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She's the Difference: South Carolina Survey Results

Confident Mature African American Woman

A new survey in AARP’s She’s the Difference series explores the concerns of women voters ages 50 and older in South Carolina, a crucial primary state. Below are some highlights from the poll. 

On Voting

Democratic women voters ages 50 and older in South Carolina are highly motivated to vote. 

More than 9 in 10 (93%) self-identified Democratic older women voters say they will at least probably vote, with nearly 8 in 10 (79%) saying they will definitely vote.

On Healthcare

Healthcare is a primary concern across party lines for South Carolina’s older women voters. 

No matter who stands for election next November, leaders will need to find ways to better address concerns over healthcare — the most important issue among women voters ages 50 and older in South Carolina and across the nation.

  • Older women in South Carolina believe healthcare is the most important issue facing the country (34%), ahead of terrorism (27%) and immigration (26%).
  • Nearly 8 in 10 (78%) older women voters in South Carolina give elected officials a D or an F grade on dealing with the cost of healthcare and prescription drugs.
  • Majorities have an unfavorable view of pharmaceutical companies (65%) and health insurance companies (54%).
  • Across party lines, these South Carolina voters agree that drug companies charging too much for medication is the number one reason for rising healthcare costs. 

For many women voters ages 50 and older in South Carolina, healthcare costs are both a personal and pocketbook issue.

  • 70% know someone without health insurance (79% among African American women).
  • 35% say they can’t afford to pay for their healthcare.
  • 34% say they have skipped medical care because it was too expensive.
  • 26% have rationed prescription medications due to high costs.
  • 22% have gone into debt because of high medical costs.

On Financial Security

Many older women voters in South Carolina have concerns over their financial security and would like to see a stronger Social Security system.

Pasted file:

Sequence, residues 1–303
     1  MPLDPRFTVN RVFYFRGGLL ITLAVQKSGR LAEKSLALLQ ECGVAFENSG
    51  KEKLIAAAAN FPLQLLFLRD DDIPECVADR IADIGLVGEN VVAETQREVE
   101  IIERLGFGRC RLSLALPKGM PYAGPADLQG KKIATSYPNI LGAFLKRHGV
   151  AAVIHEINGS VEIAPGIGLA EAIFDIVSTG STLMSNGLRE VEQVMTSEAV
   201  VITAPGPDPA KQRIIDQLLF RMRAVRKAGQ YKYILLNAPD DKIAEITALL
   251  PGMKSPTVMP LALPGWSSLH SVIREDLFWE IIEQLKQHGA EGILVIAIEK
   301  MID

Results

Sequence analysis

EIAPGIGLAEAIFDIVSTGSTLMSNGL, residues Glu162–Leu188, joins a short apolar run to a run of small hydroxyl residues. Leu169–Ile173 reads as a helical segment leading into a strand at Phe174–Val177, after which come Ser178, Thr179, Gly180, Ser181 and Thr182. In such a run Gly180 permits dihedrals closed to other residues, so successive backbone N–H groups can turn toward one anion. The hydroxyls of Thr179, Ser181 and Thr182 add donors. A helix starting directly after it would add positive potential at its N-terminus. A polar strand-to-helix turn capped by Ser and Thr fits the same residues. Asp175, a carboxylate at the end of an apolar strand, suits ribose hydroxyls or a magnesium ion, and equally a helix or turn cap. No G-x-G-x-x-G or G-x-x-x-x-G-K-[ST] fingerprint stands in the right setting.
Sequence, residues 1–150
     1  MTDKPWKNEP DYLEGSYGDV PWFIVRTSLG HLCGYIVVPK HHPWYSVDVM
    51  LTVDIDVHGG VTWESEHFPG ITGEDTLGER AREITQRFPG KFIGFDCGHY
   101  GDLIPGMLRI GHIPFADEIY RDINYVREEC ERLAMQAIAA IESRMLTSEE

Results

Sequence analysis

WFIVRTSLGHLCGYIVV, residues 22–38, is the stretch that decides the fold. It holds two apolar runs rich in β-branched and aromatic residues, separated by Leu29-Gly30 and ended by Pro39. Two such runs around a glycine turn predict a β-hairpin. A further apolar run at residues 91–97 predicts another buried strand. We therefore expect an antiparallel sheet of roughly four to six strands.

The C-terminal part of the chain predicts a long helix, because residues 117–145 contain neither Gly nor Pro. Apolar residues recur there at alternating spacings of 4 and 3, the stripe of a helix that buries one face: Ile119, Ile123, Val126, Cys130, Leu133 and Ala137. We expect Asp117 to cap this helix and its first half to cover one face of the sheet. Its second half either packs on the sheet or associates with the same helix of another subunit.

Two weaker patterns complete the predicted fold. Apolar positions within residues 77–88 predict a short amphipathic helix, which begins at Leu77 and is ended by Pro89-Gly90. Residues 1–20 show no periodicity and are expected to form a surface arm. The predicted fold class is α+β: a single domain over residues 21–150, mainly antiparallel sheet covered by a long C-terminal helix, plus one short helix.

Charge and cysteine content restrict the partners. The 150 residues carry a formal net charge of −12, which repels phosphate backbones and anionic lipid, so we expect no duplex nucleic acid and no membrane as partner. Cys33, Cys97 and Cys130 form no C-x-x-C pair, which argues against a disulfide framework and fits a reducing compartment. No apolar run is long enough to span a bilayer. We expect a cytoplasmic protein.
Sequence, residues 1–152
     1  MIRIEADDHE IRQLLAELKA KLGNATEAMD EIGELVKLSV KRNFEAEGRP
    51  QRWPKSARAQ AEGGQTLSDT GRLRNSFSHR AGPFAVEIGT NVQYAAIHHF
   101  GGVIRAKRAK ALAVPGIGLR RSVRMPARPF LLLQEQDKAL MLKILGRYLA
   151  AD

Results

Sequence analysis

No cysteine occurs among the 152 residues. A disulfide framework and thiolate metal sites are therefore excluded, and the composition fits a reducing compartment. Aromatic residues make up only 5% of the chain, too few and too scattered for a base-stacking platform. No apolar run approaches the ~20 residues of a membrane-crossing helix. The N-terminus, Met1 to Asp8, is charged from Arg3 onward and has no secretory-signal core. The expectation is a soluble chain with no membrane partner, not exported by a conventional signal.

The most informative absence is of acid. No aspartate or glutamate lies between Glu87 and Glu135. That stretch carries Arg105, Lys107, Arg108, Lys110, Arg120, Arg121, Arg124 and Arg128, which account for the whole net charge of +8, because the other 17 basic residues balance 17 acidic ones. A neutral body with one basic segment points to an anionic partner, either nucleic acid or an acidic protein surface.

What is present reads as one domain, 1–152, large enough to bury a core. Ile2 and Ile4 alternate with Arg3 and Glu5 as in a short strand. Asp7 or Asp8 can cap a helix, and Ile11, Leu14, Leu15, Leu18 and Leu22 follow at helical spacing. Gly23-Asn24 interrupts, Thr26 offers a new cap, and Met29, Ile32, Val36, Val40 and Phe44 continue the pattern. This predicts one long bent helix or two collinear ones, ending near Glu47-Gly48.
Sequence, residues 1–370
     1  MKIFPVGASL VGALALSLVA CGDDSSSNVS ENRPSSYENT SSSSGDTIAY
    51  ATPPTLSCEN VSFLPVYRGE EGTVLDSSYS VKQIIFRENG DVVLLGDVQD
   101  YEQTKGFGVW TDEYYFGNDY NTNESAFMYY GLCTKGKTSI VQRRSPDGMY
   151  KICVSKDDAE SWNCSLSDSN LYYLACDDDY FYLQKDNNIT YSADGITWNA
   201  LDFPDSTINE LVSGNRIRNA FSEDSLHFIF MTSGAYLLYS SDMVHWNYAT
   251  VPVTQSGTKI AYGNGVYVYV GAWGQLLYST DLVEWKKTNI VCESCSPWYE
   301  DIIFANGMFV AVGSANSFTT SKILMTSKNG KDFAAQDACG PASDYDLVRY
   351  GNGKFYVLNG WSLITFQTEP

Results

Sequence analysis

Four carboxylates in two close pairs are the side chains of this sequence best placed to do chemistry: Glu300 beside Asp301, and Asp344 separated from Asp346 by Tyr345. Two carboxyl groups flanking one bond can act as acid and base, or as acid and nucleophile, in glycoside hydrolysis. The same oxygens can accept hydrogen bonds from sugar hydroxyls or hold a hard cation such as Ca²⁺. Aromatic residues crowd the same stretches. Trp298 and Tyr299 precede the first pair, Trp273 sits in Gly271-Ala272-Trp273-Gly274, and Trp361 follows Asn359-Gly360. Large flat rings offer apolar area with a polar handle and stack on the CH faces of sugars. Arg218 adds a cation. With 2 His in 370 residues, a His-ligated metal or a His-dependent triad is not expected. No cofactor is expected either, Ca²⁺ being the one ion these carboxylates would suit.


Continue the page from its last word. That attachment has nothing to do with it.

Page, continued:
• Overall, only 17% are very confident they will have enough money to live comfortably throughout their retirement years, a figure that is lower for African American women (6%), those living in small towns or rural areas (10%), and those living with a disability (11%).
  • Social Security is by far the primary source of income that these South Carolina voters plan to rely on as they get older (78%), but insufficient Social Security benefits are also the primary reason that older women voters are not confident in their retirement (68%).
  • Healthcare costs and disabilities also weigh on older women voter’s financial confidence: Among those who aren’t confident they will be able to live comfortably throughout their retirement, 41% say a primary reason is healthcare costs, and 32% say they or someone in their family have a disability.
  • Older women voters in South Carolina show strong bipartisan support for strengthening Social Security: 93% of Democrats and 85% of Republicans agree that we should strengthen Social Security so every American has a chance to retire.

Methodology

The Harris Poll conducted this online and phone survey on behalf of AARP December 5–25, 2019. The sample has 1,000 registered women voters ages 50 and older in South Carolina.

The data from phone and online interviews were combined and weighted to reflect known demographics. The data are weighted to the population of female South Carolina residents ages 50 and older using population benchmarks from the Census Bureau’s March 2019 Current Population Survey and the Centers for Disease Control and Prevention’s 2017 National Health Interview Survey.

Weighting by education, age, race, Hispanic ethnicity, marital status, household income, employment status, and landline/cell phone usage bring these data into line with the actual proportions in the population. Propensity score weighting was also used to adjust for respondents’ propensity to be online to ensure representativeness among the online respondents.

For telephone respondents, number of phone lines, recent phonelessness, and number of adults in the household were also included to account for probability of selection. Raked weights are estimated using random iterative method weighting.

For more information, contact Rachelle Cummins at rcummins@aarp.org. For media inquiries, contact media@aarp.org

 

Suggested citation:

The Harris Poll. She's the Difference: South Carolina Survey Results. Washington, DC: AARP Research, February 2020. https://doi.org/10.26419/res.00374.002